Exposure-dose-response of Tellina deltoidalis to metal-contaminated estuarine sediments 1. Cadmium spiked sediments

Anne Taylor, William Maher

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    Abstract

    Cadmium is a ubiquitous environmental metal contaminant with an affinity for biological membranes; it can enter cells by facilitated transport and it binds therein to various biomolecules and affects membrane system function. The relationship between cadmium exposure, dose and response was investigated in the benthic, deposit feeding, marine bivalve Tellina deltoidalis, using 28 day microcosm spiked cadmium exposures. Tissue cadmium reached steady state with the exposure concentration. Half the accumulated cadmium was detoxified and with increased exposure more was converted into metal rich granules. Most biologically active cadmium was in the mitochondrial fraction, with up to 7320-fold cadmium increases in exposed organisms. Cadmium exposed T. deltoidalis generally had reduced glutathione peroxidase enzymeactivity. An increase in total glutathione concentrations, due to a build up of oxidised glutathione, was indicated by the reduced to oxidised glutathione ratio. All cadmiumexposed T. deltoidalis had reduced total antioxidant capacity that corresponded with increased lipid peroxidation, lysosomal destabilisation and micronuclei frequency. Clear exposure-dose-response relationships have been demonstrated for T. deltoidalis exposed to cadmium-spiked sediments, supporting this organism's suitability for laboratory or in situ evaluation of sediment cadmium toxicity.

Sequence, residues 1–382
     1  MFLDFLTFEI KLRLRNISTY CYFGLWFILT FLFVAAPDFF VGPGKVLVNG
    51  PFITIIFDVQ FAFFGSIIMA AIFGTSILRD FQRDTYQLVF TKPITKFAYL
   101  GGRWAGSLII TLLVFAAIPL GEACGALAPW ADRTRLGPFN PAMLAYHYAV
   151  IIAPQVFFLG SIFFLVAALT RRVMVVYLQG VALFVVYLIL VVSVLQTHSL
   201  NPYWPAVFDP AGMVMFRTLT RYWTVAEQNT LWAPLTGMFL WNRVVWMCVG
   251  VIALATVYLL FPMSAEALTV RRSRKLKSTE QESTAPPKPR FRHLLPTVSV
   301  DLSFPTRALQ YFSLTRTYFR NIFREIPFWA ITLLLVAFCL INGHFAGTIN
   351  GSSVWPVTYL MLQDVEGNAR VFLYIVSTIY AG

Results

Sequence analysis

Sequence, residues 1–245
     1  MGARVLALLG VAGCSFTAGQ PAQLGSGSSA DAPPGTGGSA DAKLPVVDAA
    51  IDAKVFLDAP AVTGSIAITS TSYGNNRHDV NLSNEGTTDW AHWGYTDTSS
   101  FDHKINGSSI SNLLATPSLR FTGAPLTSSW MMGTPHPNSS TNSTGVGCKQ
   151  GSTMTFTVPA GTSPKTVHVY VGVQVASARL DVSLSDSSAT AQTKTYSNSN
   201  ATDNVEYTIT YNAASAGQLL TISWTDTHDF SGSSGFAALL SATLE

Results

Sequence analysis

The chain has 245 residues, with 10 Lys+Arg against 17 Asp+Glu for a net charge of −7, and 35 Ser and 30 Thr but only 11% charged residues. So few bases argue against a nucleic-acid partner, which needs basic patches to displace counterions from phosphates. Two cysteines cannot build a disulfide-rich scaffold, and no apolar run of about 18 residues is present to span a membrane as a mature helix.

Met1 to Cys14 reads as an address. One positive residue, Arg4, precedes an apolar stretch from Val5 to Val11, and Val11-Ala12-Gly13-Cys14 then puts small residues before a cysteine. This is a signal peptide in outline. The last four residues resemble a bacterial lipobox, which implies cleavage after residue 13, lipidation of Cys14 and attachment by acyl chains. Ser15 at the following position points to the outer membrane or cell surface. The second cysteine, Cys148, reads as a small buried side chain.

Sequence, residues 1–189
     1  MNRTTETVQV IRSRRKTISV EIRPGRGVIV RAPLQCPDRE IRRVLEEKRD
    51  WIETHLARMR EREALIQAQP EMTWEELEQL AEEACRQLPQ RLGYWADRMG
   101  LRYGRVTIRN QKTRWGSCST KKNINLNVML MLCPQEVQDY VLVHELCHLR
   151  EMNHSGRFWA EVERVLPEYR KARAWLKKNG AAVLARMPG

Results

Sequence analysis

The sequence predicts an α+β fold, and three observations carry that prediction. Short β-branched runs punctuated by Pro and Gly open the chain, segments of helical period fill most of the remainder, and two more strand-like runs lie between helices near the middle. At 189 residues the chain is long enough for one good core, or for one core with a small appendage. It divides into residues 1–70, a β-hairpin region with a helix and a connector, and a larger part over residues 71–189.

Original languageEnglish
    Pages (from-to)44-55
    Number of pages12
    JournalComparative Biochemistry and Physiology. Part C: Toxicology Pharmacology
    Volume158
    DOIs
    Publication statusPublished - 2013

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    Cadmium
    Sediments
    Metals
    Glutathione Disulfide
    Glutathione
    Biological membranes
    Membranes
    Bivalvia
    Biomolecules
    Glutathione Peroxidase
    Lipid Peroxidation
    Toxicity
    Deposits
    Antioxidants
    Impurities
    Tissue
    Lipids

    Cite this

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    title = "Exposure-dose-response of Tellina deltoidalis to metal-contaminated estuarine sediments 1. Cadmium spiked sediments",